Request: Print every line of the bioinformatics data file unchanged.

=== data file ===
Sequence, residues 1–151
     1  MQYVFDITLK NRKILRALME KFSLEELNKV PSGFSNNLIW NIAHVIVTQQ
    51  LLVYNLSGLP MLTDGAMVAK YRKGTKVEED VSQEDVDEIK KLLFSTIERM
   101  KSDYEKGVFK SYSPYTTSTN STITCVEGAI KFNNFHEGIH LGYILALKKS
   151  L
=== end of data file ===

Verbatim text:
Sequence, residues 1–151
     1  MQYVFDITLK NRKILRALME KFSLEELNKV PSGFSNNLIW NIAHVIVTQQ
    51  LLVYNLSGLP MLTDGAMVAK YRKGTKVEED VSQEDVDEIK KLLFSTIERM
   101  KSDYEKGVFK SYSPYTTSTN STITCVEGAI KFNNFHEGIH LGYILALKKS
   151  L